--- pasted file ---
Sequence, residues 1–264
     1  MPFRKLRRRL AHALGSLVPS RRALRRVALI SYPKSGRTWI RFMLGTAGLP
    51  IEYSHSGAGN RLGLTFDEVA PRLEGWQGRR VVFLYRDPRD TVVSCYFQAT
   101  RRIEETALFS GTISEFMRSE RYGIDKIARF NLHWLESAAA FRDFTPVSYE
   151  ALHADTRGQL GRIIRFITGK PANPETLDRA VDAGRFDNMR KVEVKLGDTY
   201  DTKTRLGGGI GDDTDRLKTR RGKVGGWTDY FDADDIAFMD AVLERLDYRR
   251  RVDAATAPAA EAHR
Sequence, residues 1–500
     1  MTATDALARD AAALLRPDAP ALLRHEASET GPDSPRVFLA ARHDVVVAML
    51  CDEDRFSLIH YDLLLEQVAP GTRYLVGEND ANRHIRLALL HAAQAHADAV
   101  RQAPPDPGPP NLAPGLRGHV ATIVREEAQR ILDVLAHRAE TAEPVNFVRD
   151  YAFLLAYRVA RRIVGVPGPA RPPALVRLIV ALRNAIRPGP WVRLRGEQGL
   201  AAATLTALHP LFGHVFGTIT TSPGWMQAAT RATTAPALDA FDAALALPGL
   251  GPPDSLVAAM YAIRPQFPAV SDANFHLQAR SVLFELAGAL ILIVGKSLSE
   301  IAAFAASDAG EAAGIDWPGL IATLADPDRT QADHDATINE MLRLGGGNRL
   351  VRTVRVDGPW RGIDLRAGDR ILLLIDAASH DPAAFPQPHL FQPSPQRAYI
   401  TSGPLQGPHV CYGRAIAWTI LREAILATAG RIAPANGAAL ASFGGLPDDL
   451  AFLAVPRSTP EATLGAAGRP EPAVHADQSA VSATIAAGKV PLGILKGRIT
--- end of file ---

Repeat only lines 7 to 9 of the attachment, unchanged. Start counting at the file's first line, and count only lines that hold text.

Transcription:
   251  RVDAATAPAA EAHR
Sequence, residues 1–500
     1  MTATDALARD AAALLRPDAP ALLRHEASET GPDSPRVFLA ARHDVVVAML